When you see supercar bubbles, a worldwide recession can’t be far behind.

derrida derider
derrida derider
14 years ago

To take things OT, it always amazes me that none of the big manufacturers sells something designed from the ground up as a taxi. It would be far from a niche product if you sold it worldwide.

Such a taxi would have to be:
– absolutely bulletproof with minimal maintenance (any time off the road really hurts, especially where the fixed cost of a plate is a big part of overall costs)
– light enough to be easy on tyres and brakes and very fuel efficient in stop-start
– roomy
– quiet and smooth
– a really good turning circle

Other things such as performance, high-speed handling, styling and purchase price (which is small compared to running costs) would be much less of an issue than for most cars. So it would probably be a well padded aluminium (or even carbon-fibre) box on wheels powered by a diesel with a CV transmission.

David Rubie
David Rubie
14 years ago

Re: taxis,

I’m not sure if there is a real market for them. Most countries have reasonably different requirements (including cultural ones) that don’t necessarily translate to different environments. They tried using the little diesel Metro cabs in Sydney for a while and they were a failure (just not durable enough? dunno).

The American and Australian markets seem quite similar, the most common cab you see in the US used to be the Ford Crown Victoria, but I understand they’ve been trying to discontinue it for nearly 10 years unsuccessfully. The Crown Vic was really pretty similar to the Aussie Falcon and would be missed amongst the police in the U.S. as well. (also sold as the Lincoln Town Car and Mercury Grand Marquis). The original design dates back to 1979 and the BA Falcon is light years better to drive by comparison.

I can’t see a Falcon being very useful in London or Paris though – narrow streets, smaller parking spaces, different ideas about what constitutes good fuel economy and resistance to the LPG favoured in Australia due to differential taxation on that fuel. Falcons are durable, but not overly compared to Commodores – the industry switched in the 1980’s away from the (small original) Commodore and never really switched back due to what seems like inertia. No diesel engine makes it a no-go for Europe and the crash testing costs would be crippling to a little outfit like Ford Australia. Maybe Germany, but the Taxi market there is all Mercedes (understandably).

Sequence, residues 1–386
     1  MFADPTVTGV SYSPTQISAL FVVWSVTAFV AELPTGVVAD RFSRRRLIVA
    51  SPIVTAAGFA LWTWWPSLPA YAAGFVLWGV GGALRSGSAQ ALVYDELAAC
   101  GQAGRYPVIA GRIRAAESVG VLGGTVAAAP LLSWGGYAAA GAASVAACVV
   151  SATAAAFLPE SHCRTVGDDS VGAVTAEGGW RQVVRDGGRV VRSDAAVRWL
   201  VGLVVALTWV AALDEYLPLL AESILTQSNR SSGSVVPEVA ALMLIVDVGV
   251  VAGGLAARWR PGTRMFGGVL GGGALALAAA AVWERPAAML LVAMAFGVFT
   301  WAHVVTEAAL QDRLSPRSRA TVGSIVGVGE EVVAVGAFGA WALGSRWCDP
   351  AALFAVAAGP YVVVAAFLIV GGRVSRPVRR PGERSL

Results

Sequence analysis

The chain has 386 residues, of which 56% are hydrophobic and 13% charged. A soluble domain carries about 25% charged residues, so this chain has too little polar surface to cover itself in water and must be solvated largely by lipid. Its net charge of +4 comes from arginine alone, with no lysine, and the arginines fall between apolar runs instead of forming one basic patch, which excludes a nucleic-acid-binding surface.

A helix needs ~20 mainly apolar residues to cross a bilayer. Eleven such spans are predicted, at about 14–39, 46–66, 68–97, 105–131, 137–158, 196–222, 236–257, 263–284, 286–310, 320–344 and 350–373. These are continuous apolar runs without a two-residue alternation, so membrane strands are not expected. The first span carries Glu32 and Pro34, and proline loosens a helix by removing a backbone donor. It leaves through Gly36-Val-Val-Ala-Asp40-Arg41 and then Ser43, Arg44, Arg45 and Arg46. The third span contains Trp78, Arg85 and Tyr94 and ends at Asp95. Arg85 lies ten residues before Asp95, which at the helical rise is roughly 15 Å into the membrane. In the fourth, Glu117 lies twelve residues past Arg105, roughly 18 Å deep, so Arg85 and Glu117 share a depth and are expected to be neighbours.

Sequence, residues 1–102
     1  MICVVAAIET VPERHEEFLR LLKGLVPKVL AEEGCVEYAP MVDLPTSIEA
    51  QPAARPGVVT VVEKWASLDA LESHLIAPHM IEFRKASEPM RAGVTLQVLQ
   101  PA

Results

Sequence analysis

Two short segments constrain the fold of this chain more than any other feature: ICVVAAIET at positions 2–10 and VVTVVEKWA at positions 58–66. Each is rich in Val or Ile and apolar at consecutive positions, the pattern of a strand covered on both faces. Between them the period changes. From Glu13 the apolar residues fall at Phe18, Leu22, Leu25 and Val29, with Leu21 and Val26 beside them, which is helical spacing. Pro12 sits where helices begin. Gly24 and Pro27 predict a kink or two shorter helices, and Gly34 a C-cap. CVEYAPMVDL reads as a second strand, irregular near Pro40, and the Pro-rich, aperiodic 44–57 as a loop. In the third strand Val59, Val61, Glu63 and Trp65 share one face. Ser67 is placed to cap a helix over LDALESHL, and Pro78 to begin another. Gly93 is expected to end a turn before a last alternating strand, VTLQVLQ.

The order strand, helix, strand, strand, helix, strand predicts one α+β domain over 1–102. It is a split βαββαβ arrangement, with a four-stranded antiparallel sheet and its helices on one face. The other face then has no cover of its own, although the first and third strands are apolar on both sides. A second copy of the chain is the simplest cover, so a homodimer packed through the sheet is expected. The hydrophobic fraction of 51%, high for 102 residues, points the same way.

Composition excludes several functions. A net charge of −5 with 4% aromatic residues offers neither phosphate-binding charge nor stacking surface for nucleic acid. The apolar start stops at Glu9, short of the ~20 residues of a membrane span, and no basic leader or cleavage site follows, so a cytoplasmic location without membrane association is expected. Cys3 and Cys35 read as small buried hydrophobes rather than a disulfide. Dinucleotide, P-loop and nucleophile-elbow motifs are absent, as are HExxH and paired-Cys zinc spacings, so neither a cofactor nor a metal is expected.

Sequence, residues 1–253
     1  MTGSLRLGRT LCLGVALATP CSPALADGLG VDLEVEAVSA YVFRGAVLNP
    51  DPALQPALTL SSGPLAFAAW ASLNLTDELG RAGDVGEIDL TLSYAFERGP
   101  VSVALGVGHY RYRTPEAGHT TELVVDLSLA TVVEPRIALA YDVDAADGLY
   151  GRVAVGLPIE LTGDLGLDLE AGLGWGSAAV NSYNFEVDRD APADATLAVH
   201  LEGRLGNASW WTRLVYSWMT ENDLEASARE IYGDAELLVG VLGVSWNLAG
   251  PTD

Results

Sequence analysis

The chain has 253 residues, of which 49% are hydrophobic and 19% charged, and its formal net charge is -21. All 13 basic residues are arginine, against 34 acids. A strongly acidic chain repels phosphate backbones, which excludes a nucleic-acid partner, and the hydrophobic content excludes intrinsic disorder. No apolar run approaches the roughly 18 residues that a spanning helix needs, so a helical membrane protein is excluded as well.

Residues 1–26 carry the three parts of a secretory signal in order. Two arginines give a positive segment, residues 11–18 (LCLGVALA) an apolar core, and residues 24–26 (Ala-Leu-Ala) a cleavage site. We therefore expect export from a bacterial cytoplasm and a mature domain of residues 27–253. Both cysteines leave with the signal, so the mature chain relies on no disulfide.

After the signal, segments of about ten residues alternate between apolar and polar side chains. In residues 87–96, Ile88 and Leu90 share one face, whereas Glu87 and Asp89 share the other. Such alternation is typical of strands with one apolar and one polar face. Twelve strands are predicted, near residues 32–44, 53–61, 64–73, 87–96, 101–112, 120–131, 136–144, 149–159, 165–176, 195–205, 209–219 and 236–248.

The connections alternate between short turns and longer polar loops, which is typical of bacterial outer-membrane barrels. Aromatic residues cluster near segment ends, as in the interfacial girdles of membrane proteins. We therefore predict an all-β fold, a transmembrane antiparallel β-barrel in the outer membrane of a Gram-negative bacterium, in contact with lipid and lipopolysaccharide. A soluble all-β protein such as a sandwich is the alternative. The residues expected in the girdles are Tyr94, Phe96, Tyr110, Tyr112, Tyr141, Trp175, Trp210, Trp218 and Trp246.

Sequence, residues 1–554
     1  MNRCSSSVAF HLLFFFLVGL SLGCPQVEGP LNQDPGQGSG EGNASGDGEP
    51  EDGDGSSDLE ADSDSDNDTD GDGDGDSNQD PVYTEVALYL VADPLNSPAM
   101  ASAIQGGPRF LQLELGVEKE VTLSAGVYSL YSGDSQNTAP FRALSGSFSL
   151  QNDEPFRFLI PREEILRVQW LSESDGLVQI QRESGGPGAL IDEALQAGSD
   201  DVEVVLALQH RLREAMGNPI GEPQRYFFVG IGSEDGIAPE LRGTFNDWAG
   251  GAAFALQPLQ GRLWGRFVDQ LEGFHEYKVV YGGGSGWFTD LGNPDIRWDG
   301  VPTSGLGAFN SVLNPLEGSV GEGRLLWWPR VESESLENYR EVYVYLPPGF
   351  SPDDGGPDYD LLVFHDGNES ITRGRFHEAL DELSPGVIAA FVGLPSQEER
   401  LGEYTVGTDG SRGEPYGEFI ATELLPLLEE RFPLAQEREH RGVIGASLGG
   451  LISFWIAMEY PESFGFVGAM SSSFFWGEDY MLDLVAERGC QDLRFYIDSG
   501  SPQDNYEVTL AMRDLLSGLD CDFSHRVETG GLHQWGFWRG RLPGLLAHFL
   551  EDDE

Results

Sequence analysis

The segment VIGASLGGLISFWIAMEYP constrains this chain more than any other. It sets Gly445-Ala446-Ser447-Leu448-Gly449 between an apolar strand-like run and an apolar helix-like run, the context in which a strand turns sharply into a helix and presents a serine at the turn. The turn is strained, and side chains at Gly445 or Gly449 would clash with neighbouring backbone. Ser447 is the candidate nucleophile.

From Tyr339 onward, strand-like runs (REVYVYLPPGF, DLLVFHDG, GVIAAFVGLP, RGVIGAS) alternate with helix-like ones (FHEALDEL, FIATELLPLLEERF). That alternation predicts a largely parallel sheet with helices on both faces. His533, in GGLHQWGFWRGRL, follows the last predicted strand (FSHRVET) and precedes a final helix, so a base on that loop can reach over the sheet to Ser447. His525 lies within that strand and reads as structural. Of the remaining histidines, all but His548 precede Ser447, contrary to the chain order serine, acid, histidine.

I thought Toyota or Mitsubishi might take the market over with a people mover, but it hasn’t really happened (except the maxi taxi market which is vanishingly small).

The really interesting bit of the Taxi market is the premium end – Fairlanes and LTD’s set up like the “limousines”. I thought the extended wheelbase Ford models would have been a dead certainty for the Crown Victoria market if it was discontinued, but nothing came of it as the vehicle has been endlessly reprieved.

Robert Merkel
14 years ago

Have any of you seen this in the flesh?

It looks even better in real life than in the photos, though I do wonder whether a version designed to even the modest practicality requirements of, say, a Lamborghini, would look as good.

For instance, if it had to meet American fender-bender rules (that say that the bumpers must survive an 8 km/h collision unscathed) it’s hard to see how this could be done while retaining the massive chrome bumper bar.

Nabakov
Nabakov
14 years ago

I reckon it’s fantastic looking car – LA Confidential meets Bladerunner meets The Fifth Element and so absolutely right for the current zietgeist.

And the Aus automotive industry has great expertise in short flexible production runs. Can’t seen any reason why it shouldn’t be developed and exported and/or licensed abroad. It’s like the way our vinters value add our grapes befor slapping a nifty label on the bottle. Bit of nifty marketing (“from those wonderful folks that brought you Mad Max, the Cars That Ate Paris, AC/DC and Nicole Kidman”)and I’m sure they could shift 50,000+ units easily globally at a decent profit margin. I’d buy one.

Patrick
Patrick
14 years ago

I’d be very surprised if they could shift 50k+ at $1m. That’s a LOT of cars in that bracket.

cam
cam
14 years ago

I think 50K Commodores are coming to the US as Pontiacs, so if there was that many they would probably be 30K USD a pop. If they are a million each I suspect the run numbers are something closer to twenty.

Wasn’t the 7L Monaro supercar expected to be a run of 200 at 250K each?

David Rubie
David Rubie
14 years ago

Nabakov wrote:

Bit of nifty marketing (from those wonderful folks that brought you Mad Max, the Cars That Ate Paris, AC/DC and Nicole Kidman)

“From those wonderful folks that brought you Air Supply, Men At Work, BMX Bandits and Alexander Downer”. Yep, that’ll work. Make it $2 million otherwise they won’t think we’re serious.